I’ve recently started working with a lot of SVG files in my personal website, and I’m excited to use the format in projects with clients, too. Here you can find a quick overview of SVG: what it is (and what vector graphics in general are), when to use it, and how to use it with WordPress.
Skill level for this article
This is intended to be a very basic guide for those completely new to SVG. If you don’t know or aren’t sure what vector graphics are, this is probably a good starting point for you.
If you’re looking for more advanced articles on SVG usage, I recommend Sara Soueidan’s articles on SVG as an excellent starting point to really delving into the capabilities of SVG.
What is SVG?
SVG stands for Scalable Vector Graphics. We’re talking about vector graphics here, versus raster graphics (JPG and PNG are examples of raster graphics). Let’s step back a second and look at the difference between vector and raster graphics.
According to the Wikipedia article on raster graphics:
a raster graphics image is a dot matrix data structure representing a generally rectangular grid of pixels, or points of color, viewable via a monitor, paper, or other display medium. Raster images are stored in image files with varying formats
And the Wikipedia article on vector graphics states:
Vector graphics are based on vectors, which lead through locations called control points or nodes. Each of these points has a definite position on the x and y axes of the work plane and determines the direction of the path; further, each path may be assigned various attributes, including, but not limited to, such values as stroke color, shape, curve, thickness, and fill
…did you follow all that? Don’t panic if you didn’t!
Let’s take a look at a visual example comparing a raster and vector image. In the examples below, the smiley face on the left is at its default size; the smiley on the right shows you what it looks like zoomed in 200%:
The difference is (hopefully) more understandable here. When you zoom in on a raster image, individual pixels are displayed as squares (creating a blurry look that becomes more and more pixelated the further you zoom in); vectors, on the other hand, use things called “control points” and “nodes” to render the image at any resolution — without losing any image quality in the process.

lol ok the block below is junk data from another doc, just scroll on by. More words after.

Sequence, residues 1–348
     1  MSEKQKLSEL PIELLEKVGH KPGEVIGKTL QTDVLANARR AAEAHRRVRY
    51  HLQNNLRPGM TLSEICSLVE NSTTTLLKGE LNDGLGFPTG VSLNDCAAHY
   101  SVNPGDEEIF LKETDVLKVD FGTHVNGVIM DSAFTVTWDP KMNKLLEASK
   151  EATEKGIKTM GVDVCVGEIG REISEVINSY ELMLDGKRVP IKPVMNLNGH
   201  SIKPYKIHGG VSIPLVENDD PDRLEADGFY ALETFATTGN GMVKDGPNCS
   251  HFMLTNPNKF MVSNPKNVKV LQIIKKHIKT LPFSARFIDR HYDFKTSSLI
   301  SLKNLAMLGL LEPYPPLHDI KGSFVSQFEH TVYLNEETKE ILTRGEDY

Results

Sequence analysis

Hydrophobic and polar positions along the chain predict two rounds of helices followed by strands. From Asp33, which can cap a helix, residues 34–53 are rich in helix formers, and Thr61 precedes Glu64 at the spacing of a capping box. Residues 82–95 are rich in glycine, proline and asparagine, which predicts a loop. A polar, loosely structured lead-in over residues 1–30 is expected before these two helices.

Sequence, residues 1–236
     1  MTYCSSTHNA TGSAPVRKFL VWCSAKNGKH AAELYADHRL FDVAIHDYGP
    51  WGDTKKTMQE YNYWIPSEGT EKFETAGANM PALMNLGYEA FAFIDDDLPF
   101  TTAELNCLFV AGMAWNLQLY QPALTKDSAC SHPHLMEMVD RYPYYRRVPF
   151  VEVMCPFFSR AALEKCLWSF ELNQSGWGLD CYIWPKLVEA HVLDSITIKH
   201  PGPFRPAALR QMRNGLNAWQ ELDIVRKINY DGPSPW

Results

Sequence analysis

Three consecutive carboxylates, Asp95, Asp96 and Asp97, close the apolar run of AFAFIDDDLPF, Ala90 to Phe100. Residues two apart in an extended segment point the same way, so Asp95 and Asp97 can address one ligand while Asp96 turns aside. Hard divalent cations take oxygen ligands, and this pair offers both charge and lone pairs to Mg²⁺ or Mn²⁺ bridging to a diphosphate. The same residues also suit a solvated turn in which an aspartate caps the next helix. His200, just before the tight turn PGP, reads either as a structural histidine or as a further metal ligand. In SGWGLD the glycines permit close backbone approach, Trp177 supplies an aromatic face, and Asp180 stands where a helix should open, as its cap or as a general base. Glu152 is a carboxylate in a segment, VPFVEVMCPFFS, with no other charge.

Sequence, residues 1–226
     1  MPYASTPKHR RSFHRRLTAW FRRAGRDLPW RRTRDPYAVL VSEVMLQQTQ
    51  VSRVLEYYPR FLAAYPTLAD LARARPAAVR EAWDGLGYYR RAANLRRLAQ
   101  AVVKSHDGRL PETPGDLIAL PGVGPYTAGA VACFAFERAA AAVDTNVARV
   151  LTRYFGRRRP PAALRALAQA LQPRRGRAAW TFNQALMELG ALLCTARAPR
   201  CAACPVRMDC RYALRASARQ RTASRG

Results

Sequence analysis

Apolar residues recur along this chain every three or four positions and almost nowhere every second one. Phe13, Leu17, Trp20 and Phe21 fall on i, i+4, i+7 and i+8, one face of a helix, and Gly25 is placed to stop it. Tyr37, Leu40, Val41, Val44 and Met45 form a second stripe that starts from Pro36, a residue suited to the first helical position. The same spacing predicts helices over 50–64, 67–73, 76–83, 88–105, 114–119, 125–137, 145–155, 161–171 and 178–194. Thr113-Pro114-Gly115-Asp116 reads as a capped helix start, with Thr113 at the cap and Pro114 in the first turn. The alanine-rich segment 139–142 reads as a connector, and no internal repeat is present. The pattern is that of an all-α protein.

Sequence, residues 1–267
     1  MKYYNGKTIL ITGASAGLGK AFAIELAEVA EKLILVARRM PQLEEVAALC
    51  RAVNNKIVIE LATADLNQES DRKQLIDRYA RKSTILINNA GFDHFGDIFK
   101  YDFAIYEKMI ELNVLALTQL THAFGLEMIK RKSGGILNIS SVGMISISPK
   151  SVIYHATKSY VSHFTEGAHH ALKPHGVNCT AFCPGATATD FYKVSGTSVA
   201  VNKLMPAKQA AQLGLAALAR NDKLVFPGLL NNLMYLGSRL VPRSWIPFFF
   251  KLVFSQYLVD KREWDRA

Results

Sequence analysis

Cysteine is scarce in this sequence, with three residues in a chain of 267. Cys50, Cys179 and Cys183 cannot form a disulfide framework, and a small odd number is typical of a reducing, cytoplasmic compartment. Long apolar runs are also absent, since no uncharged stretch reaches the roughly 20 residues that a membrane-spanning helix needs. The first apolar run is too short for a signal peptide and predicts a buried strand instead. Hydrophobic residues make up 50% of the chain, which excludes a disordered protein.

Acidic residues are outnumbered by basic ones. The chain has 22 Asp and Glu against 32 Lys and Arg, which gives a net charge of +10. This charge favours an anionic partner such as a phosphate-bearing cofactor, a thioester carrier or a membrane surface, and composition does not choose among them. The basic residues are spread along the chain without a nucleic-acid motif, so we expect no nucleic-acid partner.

I find it helpful to think of SVG as being composed of shapes. These shapes are technically primitive objects, so if it helps you to think of SVG in terms of a programming language and its data types, that works great! If not, don’t despair. Let’s just stick with the idea of shapes — an SVG file may be composed of: circles, squares, lines, polygons, etc. Even a more complex SVG illustration is going to be made up of these shapes and more layered and placed on top of one another. The nice thing about these shapes is that, because of how SVG is written behind the scenes, the code can be translated to different sizes without losing any of its quality.
The representation of shapes in SVG doesn’t depend on the dimensions of the object, but rather can be represented at different dimensions dynamically. And this is great for:
1) The web – responsive web design prepares a site for a multitude of different screen sizes, often which can’t be entirely predicted, and are constantly changing. SVG allows your site icons, logos, and other graphics to be viewed at an infinite possibility of sizes, without losing any quality in the process
2) Print – vector art is ideal for printing, since the art will print very crisp even when resized
Why should I use SVG?
The main thing that drew me into exploring SVG more in-depth was that, as discussed above, SVG resizes crisply so you get the same high quality image at any screen size. Here are my other top reasons for using SVG in projects and suggesting its use to others: